Title: A Thousand Beginnings and Endings
Author: Edited by Ellen Oh and Elsie Chapman
Genre: Short story anthology
Published: By Greenwillow Books for Young Readers on June 26th, 2018
ISBN13: 9780062671158 (US Hardcover edition)
Star-crossed lovers, meddling immortals, feigned identities, battles of wits, and dire warnings: these are the stuff of fairy tale, myth, and folklore that have drawn us in for centuries. A mountain loses her heart. Two sisters transform into birds to escape captivity. A young man learns the true meaning of sacrifice. A young woman takes up her mother’s mantle and leads the dead to their final resting place. Fifteen bestselling and acclaimed authors reimagine the folklore and mythology of East and South Asia in short stories that are by turns enchanting, heartbreaking, romantic, and passionate. From fantasy to science fiction to contemporary, from romance to tales of revenge, these stories will beguile readers from start to finish.
I have read books by few of the authors before that are featured in this anthology and decided to give it a try. Since I love stories with Asian rep, especially if inspired by Asian myths, I had hoped to feel the same for this. At the same time, I was apprehensive as short story collections tend to feature both stories that one ends up loving and mediocre ones.
I’ve reproduced below my original notes word-for-word as I had written them after finishing each story –
1. Forbidden Fruit by Roshani Chokshi
Roshani’s whimsical tale of a mountain spirit based on Filipino folklore was the perfect way to start off. It had her quintessential gorgeous prose which makes the reading experience so immersive.
2. Olivia’s Table by Alyssa Wong
Alyssa’s tale juxtaposed a modern world with internet and email with the old world traditions of her Asian heritage. I especially enjoyed the fact that it centred around food and gave me an insight into the beliefs of the Chinese people.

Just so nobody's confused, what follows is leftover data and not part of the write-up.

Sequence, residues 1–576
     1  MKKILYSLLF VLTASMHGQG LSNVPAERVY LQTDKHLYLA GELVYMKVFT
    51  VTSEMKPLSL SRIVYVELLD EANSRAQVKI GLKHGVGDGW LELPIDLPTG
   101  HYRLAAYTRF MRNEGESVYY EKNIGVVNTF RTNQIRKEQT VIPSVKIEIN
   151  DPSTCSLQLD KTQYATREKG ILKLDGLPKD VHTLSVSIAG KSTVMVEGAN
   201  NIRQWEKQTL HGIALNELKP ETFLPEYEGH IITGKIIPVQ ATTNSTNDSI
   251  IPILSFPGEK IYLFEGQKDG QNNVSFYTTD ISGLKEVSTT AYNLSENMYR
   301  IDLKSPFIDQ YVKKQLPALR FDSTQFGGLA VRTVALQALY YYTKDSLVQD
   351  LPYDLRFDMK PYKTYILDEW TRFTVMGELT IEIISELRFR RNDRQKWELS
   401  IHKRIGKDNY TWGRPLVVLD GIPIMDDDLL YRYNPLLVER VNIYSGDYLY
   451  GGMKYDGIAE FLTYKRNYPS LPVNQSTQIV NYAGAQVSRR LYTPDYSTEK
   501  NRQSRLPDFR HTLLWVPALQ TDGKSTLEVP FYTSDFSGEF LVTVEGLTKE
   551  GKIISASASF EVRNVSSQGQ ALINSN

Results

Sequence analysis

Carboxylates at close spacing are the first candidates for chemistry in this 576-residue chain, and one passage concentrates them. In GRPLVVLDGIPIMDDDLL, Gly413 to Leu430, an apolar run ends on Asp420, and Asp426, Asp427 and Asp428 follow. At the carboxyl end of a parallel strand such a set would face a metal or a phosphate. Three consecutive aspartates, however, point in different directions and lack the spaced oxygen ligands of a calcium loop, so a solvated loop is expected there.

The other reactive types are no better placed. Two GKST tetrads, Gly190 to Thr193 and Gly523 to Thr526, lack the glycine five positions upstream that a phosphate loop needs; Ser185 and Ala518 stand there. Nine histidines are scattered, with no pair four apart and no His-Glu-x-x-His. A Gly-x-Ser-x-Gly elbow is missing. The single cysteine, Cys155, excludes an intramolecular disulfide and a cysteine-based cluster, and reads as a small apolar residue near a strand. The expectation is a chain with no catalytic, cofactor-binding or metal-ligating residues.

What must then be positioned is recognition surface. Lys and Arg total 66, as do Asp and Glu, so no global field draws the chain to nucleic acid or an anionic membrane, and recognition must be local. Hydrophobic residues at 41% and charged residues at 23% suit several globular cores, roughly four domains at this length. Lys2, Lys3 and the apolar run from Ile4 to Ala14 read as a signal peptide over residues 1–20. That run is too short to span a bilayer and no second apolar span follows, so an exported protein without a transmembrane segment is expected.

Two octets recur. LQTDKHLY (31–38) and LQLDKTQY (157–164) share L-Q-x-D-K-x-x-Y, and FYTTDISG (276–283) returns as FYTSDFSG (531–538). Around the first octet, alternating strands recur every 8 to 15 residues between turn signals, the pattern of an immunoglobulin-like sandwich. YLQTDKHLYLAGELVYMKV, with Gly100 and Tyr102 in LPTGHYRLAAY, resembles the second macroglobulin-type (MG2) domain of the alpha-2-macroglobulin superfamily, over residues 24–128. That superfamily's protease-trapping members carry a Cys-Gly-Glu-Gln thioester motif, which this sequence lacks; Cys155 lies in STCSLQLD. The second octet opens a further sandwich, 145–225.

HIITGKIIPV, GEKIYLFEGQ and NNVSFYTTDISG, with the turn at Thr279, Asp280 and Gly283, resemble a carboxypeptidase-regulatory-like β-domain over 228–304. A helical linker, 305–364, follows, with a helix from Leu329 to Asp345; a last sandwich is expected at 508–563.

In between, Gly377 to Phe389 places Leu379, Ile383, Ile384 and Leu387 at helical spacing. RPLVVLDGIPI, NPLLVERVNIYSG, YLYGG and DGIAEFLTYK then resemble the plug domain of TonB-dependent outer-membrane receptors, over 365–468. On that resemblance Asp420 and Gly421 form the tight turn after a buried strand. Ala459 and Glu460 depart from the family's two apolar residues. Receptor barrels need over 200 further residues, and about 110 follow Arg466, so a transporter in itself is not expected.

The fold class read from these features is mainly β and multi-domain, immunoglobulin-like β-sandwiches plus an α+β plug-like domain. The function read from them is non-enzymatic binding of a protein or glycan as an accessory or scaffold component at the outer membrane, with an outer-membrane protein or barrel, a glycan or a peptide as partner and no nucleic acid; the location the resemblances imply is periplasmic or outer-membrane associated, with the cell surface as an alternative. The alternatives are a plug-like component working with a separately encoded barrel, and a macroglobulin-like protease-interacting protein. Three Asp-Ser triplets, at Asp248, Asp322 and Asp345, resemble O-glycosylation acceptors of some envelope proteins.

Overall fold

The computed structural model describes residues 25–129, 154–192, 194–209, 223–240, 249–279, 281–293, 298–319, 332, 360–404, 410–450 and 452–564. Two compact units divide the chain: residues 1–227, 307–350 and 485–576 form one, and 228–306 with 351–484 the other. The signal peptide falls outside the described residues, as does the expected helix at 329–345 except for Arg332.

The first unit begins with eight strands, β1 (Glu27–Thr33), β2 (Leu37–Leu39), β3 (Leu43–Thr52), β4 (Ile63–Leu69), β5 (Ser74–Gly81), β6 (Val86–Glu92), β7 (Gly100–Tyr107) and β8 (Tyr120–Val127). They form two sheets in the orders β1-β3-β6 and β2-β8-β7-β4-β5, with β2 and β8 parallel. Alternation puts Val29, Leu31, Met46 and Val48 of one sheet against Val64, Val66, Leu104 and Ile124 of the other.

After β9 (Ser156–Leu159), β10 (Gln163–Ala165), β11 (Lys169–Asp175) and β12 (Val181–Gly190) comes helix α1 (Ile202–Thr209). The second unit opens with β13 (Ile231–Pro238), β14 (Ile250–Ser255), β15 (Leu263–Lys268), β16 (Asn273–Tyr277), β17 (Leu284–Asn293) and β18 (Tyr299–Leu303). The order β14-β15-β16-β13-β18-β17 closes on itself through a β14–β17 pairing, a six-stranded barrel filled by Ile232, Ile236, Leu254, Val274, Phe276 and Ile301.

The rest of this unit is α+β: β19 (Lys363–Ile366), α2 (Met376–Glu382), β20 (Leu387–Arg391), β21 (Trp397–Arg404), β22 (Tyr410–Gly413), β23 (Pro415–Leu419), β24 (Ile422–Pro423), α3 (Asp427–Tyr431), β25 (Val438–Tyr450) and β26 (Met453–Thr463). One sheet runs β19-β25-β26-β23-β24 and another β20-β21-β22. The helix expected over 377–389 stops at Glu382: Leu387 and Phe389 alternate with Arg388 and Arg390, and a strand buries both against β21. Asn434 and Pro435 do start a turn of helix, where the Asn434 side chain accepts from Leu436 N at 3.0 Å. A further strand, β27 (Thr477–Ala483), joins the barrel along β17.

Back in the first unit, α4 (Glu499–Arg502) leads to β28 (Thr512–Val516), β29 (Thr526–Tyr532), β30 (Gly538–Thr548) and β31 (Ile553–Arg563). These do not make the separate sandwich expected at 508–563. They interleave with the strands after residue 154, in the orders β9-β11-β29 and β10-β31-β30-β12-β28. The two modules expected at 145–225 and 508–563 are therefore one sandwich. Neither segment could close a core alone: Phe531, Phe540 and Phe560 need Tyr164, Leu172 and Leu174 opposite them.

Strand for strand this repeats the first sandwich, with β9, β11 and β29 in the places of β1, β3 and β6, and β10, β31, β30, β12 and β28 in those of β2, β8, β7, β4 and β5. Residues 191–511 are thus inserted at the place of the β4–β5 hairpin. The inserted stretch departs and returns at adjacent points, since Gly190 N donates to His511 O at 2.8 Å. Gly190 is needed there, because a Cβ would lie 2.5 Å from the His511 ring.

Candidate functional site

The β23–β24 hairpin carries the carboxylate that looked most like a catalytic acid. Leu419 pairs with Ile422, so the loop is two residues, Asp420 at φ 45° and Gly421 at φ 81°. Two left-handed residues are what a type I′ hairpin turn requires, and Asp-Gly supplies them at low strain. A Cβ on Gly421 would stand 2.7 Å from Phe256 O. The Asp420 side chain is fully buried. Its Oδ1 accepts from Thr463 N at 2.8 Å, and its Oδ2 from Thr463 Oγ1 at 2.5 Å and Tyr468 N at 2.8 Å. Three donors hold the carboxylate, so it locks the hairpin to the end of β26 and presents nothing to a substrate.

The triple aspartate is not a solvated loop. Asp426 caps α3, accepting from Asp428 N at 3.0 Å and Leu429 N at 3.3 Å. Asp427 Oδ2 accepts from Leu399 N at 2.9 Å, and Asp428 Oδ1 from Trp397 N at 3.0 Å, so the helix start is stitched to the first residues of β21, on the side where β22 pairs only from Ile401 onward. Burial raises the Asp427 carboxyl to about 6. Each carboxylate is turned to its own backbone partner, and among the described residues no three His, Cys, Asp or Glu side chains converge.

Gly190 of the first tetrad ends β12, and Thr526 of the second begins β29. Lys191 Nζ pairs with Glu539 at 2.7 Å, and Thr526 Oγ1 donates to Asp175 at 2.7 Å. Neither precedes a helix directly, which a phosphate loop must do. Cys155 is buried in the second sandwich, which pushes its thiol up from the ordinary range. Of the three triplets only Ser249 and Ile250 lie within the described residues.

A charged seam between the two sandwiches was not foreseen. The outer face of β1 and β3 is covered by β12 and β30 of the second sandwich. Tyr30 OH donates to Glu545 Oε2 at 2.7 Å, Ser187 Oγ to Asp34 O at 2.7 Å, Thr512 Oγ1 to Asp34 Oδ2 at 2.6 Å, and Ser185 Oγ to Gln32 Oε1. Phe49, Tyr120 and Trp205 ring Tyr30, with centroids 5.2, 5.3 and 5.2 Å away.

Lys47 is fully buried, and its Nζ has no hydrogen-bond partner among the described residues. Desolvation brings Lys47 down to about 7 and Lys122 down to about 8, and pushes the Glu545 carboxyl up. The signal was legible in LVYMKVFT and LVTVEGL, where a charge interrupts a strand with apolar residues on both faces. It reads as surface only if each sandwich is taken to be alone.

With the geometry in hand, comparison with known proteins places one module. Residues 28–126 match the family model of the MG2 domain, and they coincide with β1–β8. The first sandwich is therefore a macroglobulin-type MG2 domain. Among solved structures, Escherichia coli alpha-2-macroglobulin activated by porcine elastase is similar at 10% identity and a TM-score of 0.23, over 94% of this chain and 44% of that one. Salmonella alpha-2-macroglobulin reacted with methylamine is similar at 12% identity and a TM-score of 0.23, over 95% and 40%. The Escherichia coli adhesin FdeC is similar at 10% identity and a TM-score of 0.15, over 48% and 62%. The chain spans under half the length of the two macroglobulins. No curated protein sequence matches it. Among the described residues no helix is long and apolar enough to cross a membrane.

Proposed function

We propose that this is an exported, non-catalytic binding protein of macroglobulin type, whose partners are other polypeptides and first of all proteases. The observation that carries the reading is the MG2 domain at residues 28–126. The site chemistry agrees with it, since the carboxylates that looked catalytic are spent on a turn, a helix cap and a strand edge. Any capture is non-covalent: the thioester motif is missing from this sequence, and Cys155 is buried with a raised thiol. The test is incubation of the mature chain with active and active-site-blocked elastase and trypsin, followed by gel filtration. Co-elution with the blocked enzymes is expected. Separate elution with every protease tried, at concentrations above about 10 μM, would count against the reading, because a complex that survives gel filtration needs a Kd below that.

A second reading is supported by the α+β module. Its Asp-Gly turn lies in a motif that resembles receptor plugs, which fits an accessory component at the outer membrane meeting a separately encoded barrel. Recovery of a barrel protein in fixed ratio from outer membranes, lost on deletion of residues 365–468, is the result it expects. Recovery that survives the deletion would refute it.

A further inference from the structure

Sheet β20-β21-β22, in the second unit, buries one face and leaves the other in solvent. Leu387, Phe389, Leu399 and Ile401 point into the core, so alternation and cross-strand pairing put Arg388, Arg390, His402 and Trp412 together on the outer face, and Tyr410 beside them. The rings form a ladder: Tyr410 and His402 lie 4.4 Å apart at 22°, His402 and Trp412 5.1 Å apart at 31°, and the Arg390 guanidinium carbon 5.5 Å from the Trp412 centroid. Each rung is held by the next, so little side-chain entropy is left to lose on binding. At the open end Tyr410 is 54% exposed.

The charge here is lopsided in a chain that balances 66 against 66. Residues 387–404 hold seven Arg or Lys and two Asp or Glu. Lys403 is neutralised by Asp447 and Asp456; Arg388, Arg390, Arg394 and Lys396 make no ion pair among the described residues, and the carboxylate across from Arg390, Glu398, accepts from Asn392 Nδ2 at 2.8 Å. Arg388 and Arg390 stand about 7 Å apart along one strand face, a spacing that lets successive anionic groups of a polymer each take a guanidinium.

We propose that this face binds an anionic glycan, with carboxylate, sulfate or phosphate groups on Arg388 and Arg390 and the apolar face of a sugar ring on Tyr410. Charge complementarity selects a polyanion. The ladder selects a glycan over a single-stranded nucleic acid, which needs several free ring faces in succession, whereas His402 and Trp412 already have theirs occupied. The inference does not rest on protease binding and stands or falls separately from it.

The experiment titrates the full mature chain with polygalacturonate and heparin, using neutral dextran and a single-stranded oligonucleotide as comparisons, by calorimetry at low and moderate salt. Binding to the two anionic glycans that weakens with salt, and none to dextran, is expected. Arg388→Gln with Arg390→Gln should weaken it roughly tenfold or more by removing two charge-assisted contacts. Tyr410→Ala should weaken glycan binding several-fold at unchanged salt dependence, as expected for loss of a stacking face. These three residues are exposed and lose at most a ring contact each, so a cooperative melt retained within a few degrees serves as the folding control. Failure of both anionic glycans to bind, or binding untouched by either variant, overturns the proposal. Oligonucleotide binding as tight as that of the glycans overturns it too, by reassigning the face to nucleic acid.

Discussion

3. Steel Skin by Lori M. Lee
The sci-fi variant of this folktale was a great idea and very well executed. I also didn’t see the plot twist coming and got goosebumps while reading. One of my favourites for sure!
4. Still Star-Crossed by Sona Charaipotra
Although the behaviour of Nick made me a little uncomfortable, all the Punjabi culture and Indian references really made my desi heart sing. It was a beautiful re-imagining of a not-happily-ever-after tale. (Craving chole bhature so badly now!)
5. The Counting of Vermillion Beads by Aliette De Bodard
The whole shape-shifting part was a tad confusing but the rest of the story about the bond between two sisters was amazing! I loved seeing girls doing math in a historical setting even though the circumstances were rather cruel. It pulled me into a different world and I would definitely read a full-length novel based on this story.
6. The Land of the Morning Calm by E.C. Myers
This was my absolute favourites! It incorporated Korean myths into an immersive RPG setting with flawless execution. It was captivating and kept me engaged throughout.
7. The Smile by Aisha Saeed
I liked the feminist spin to a historical tale that I knew next to nothing about. The exploration of love and its meaning sent a powerful message on what equal and healthy relationships should be like. Loved the incorporation of dance and Mughal culture in the story.